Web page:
I had jumped and was free-falling like a <you may insert your favorite metaphor here: parachute not opening, the earth rushing up to meet me, Alice skipping and bumping down the dark rabbit hole—which I’ve used previously; the entrance to hell, Dante beginning the descent, the screams of the damned closer and louder with each step; a stone thrown into the well> and as far as I could tell in my waking life there was no end to the nightmare of loss I was experiencing, the only sound I seemed to hear was the whispered chant of “when, when, when”, it was there with me in the morning when I roused myself out of bed, it was there in the metal-on-metal screeching of the ‘el’, the very act of walking down the street seemed to be a rebuke and a time bomb; forget a ringing telephone as it was the signal of my execution.
I know there is a date affixed to the day my mother died, but I could not tell you how long it had been between the day I last touched her and the hesitant, sad sound of my stepfather’s voice telling me of her death. I know I heard him speak, but I could not have told you then (or even later that day) what words he used to tell me of my mother’s death, had you asked me. And it may have been that the words he did say to me, “She’s died, Robert. I tried to get her to the hospital, but she died in the car on the way, I’m sorry, I tried,” were the words I did hear but could not make sense of at the time, the comprehension of language had left me then.
I do not know how I got to Missouri for the funeral. I believe my uncle, my mother’s half-brother, picked me up at the train station or the airport, but I may be mistaken, it could have been a stranger, a local friend of theirs that volunteered to meet me and drive me down into the back country where they lived. It was May, a month shy of her next birthday and on the day of the funeral the three of us rode in the cab of my stepfather’s pick-up, and all big men squeezed together in grief, that tight closeness keeping us upright. it was not until we were in the funeral home—and suddenly now, because I’ve put off coming to this part of the middle of this story, for it is a middle and not an end, I find myself struggling to adequately describe, to find the right words, the proper grammar, the language I know I possess to share with you how hard, how unfathomable the loss, I am digging deep–Digger O’Dell-like–and perhaps the best thing to do would be report the time as cold-eyed and steely-tongued as a reporter writing for the local weekly.
There were a lot of strangers in the visitation room, my vision, even now as I look back on those moments, is blurry around the edges, erasing their faces. There was the smell of farming (horses, sweat, manure); there was the smell of lilies laid over top of that; there was my mother in an open coffin, wearing her favorite red outfit (it was red, as in the photo, someone, somewhere had told her at some point in time, that ‘red is your color’ and she stuck with that advice even in death); there was a preacher speaking, but his words I did not hear; there were men and women stopping by my chair touching my shoulder or taking my hand, their gentle tenderness and concern is, even now, a cue for tears as I hit the space bar and the back bar repeatedly finding the words I know I have; there was Roy and my uncle lifting me up from my chair, my legs too weak to stand and walking me toward the open coffin; there were hacking sobs (they were coming from me, I thought I was drowning); there was a moment then that I thought I could not look at her, I knew that if I did, it would be true, and I did not have the courage to face that; and there was just one quick moment of recognition, that the woman in the coffin was my mother and wisely, prescient as it happens, they held onto me and turned me away from her and walked me down the aisle and out the door.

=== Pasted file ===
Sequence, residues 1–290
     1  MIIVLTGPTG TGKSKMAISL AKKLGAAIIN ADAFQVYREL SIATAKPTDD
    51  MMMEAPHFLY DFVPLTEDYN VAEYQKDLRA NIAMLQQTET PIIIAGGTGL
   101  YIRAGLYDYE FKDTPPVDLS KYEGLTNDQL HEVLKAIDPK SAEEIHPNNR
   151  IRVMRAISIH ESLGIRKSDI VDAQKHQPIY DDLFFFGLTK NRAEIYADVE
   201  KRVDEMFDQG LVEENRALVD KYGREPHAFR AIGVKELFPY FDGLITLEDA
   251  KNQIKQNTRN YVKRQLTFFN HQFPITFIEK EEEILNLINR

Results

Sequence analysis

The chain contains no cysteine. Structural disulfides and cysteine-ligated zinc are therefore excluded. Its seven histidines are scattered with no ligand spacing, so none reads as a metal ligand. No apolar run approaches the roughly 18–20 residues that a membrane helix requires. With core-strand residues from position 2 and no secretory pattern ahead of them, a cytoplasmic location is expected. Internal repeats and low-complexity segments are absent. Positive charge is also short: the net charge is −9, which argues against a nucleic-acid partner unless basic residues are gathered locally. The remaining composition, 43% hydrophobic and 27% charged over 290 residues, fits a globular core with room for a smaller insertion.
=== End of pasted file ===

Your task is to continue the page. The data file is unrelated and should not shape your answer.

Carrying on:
And outside the funeral home, standing for a moment on its porch, Roy and uncle murmuring their thanks to the sorrowful, from that blurry edge lunges Sheila, the ugliest of step-sisters, grasping at me with her pinched face and thin hair and heavy weight, “I loved your mother, Robert,” she cried and I know these words, “you had a fine way of showing it,” formed themselves and I may have yelled, screamed them at her or it’s possible I said nothing and only thought it, but she fell back into the penumbra that made up the edges of that day and I never saw her again.
We drove to the cemetery in Vienna (home to an Americanized version of the Wiener schnitzel. I know this for a fact because it said so on the side of a barn or a welcome sign as you entered this small town in the rolling hills of the Ozarks) and up to the grave site they had purchased a few years in advance with its russet and gray marble headstone, their birth dates already carved into it, a wedding bed for the end of their lives. This time, this here and now, was the hardest for Roy, a veteran of wars and witness to many deaths, but this one, this one stopped him, dulled him, but there was for both of us a dark, swirling confusion without her right then. As is the case with funerals such as this one, after the burial there was a gathering of mourners and well-wishers—yes, it’s true, they were wishing us well on our journey without her—at the house they had rented for the very purpose of her death. Women laid out casseroles and meat platters and sandwiches and salads all the while eying Roy, talking amongst themselves about what his prospects for life without a spouse would be; the men stood out on the front lawn talking about the weather, a new winch one of them had bought and why seed was so expensive at the feed store these days. I know these things because they were all happening in my peripheral vision; I could not focus on anything but my loss. I may have sat in the living room for a moment, but more likely, I excused myself and went into their bedroom and lay down on the bed, just as I had the month before and stared at the ceiling and wondered if I would land on my feet.